Tuesday, December 09, 2008

Explaining a Layoff to a Recruiter

We all know that there is a recession. Companies are scrambling around to make sure they make it through the tougher times. But what happens if you're unfortunate to be one of the people who are cut?

At first thought you wouldn't think there is much need for explaination - times are tough, people are cutting - but sometimes recruiters want more insight into your particular circumstances. The Wall Street Journal has a great article for how to deal with the, "Why were you laid off from you last job?" question when you're interviewing for your next place of employment. The gist of the article says that job seekers need to skip the details of their departure and keep self-pity and bitterness out of the interview. Focus on how the transition can be a good career move for you and a better, stronger worker.

Check it the full article here: Explaining Your Layoff to a Recruiter

Also, you may want to check out these related articles:
Am I Going to Be Laid Off?
Keeping Your Spirits Up: Dealing with Dissapointment in Your Job Search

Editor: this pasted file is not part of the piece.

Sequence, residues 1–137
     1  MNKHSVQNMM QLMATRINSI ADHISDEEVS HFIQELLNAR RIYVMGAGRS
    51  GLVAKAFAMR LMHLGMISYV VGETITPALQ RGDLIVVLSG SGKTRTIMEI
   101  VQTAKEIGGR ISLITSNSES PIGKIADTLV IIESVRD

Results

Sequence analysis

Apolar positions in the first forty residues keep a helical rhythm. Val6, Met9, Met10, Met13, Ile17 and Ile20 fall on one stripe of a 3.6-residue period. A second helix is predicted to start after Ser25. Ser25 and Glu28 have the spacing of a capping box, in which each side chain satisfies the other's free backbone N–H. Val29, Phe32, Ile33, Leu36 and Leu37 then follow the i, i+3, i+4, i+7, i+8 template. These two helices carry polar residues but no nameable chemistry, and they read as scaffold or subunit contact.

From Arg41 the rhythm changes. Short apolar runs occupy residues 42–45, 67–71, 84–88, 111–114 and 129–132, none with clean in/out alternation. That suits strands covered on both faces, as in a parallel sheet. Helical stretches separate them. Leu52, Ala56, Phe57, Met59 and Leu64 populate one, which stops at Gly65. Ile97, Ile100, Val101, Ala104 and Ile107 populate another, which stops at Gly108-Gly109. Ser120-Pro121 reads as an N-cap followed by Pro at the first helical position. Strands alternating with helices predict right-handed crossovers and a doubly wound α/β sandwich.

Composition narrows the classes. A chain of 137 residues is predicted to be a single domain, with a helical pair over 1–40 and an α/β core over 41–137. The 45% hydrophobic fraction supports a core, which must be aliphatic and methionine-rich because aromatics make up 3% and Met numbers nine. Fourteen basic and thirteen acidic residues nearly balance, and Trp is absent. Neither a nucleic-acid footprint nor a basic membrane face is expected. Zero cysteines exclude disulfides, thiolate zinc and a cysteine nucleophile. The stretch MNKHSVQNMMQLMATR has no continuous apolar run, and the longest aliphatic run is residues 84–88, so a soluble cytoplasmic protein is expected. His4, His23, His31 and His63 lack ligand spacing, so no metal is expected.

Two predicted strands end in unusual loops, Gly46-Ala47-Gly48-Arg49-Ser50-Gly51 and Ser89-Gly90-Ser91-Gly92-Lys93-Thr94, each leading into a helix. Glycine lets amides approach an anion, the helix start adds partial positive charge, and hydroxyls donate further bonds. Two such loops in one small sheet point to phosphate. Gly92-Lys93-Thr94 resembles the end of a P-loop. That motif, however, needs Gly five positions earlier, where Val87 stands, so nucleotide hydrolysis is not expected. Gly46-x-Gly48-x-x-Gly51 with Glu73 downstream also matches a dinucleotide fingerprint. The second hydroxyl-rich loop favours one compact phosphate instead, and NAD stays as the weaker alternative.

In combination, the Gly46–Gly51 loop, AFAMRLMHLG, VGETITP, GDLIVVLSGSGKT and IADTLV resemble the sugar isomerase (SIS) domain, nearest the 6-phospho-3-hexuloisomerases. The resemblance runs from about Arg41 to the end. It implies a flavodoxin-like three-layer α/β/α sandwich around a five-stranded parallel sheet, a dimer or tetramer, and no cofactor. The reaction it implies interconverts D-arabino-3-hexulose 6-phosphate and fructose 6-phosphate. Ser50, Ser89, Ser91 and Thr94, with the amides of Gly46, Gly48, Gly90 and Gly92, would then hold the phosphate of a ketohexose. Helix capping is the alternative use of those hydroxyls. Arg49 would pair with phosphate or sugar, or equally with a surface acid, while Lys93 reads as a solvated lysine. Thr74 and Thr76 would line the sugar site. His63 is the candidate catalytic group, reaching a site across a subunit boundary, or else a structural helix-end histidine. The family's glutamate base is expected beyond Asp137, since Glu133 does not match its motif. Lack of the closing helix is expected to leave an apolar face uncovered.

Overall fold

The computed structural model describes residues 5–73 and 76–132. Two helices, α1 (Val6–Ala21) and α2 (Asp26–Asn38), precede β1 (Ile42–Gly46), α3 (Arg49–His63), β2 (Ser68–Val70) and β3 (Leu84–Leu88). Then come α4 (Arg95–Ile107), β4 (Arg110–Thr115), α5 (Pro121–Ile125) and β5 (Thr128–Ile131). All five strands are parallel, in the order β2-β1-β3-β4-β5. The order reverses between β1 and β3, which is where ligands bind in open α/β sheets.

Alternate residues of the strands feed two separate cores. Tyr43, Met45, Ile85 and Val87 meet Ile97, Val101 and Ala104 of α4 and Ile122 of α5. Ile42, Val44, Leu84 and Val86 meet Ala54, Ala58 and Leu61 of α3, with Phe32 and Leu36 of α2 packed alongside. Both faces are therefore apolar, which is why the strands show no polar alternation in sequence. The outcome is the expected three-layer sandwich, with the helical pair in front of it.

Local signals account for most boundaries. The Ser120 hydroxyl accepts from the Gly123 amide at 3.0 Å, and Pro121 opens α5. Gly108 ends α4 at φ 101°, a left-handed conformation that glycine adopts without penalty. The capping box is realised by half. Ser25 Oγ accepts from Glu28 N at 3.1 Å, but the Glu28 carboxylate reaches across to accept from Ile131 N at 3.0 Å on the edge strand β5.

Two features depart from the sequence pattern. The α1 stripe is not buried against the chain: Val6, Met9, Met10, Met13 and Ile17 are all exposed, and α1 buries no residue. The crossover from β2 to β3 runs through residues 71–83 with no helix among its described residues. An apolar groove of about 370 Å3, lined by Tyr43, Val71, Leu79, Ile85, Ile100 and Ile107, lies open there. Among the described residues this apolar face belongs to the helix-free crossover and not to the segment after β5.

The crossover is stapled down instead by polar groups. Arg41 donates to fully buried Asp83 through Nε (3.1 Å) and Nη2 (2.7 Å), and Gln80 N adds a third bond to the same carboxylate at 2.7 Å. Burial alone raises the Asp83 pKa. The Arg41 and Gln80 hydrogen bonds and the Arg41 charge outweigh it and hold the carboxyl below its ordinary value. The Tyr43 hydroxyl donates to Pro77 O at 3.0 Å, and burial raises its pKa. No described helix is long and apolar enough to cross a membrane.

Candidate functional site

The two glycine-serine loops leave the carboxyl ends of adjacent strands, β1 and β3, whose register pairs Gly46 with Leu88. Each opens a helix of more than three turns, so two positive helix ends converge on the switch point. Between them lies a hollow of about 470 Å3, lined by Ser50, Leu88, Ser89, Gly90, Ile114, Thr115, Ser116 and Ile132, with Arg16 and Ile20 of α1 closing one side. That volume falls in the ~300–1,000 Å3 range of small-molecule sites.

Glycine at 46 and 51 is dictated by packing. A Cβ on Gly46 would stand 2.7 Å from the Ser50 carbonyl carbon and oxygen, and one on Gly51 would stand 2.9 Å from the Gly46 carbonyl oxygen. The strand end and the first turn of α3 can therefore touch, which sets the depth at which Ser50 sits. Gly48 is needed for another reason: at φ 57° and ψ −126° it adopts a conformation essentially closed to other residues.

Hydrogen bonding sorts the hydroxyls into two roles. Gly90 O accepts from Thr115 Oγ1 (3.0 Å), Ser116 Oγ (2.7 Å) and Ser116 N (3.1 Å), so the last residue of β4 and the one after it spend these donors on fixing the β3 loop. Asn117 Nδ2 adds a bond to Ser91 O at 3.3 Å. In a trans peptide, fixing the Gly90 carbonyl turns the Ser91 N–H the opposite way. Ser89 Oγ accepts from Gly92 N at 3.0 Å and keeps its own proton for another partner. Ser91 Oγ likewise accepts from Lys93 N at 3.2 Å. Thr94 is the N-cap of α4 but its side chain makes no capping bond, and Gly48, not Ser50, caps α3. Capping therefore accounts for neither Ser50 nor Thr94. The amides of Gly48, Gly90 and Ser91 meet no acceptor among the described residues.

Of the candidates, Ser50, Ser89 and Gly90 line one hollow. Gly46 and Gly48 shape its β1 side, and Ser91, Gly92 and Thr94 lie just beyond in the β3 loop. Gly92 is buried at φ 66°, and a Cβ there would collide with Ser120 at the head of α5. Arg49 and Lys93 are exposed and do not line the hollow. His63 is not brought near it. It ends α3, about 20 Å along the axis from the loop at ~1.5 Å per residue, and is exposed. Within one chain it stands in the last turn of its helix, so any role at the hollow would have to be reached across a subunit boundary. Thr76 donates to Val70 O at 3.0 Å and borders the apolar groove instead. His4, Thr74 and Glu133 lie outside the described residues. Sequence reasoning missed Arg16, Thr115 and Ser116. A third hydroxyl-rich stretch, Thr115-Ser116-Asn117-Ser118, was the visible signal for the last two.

Any other recruiters or those who are currently interviewing after a lay off - sound off: let us know of any tips that you have found helpful or not-so-helpful! Email us at ncjobs@employmentguide.com or leave a comment!

- Rosie Reilman

2 comments:

Mark Cummuta said...

Excellent points!

I blog for CIO Magazine on job search tactics and strategies. From my experience, I would add to never, ever bad mouth or degrade any of your prior employers (or managers or team members), including the one that just laid you off. No one wants to hire a whiner, and with so many candidates to choose from, hiring managers can be as selective as they want.

Instead, focus on all the positive points of your most recent position. Highlight how many people were laid off, using percentages or total counts for your team, project, department, office, branch and/or company to impart that your layoff was not related to you or your performance, but to the overall company.

Ideally, get a referral or recommendation from your manager from the employer, as well, describing your work performance and the impact you made to actual business results. Even if you're already out the door, contact your prior manager for this. With a LinkedIn account, you can even request this directly online, and then their referral will be public for everyone who views your LinkedIn profile.

Thanks again for your post!

Mark Cummuta
CIO Job Search: A Real Life Chronicle

The Employment Guide said...

Those are great additions! Thanks Mark for your insight and comments!
- Rosie Reilman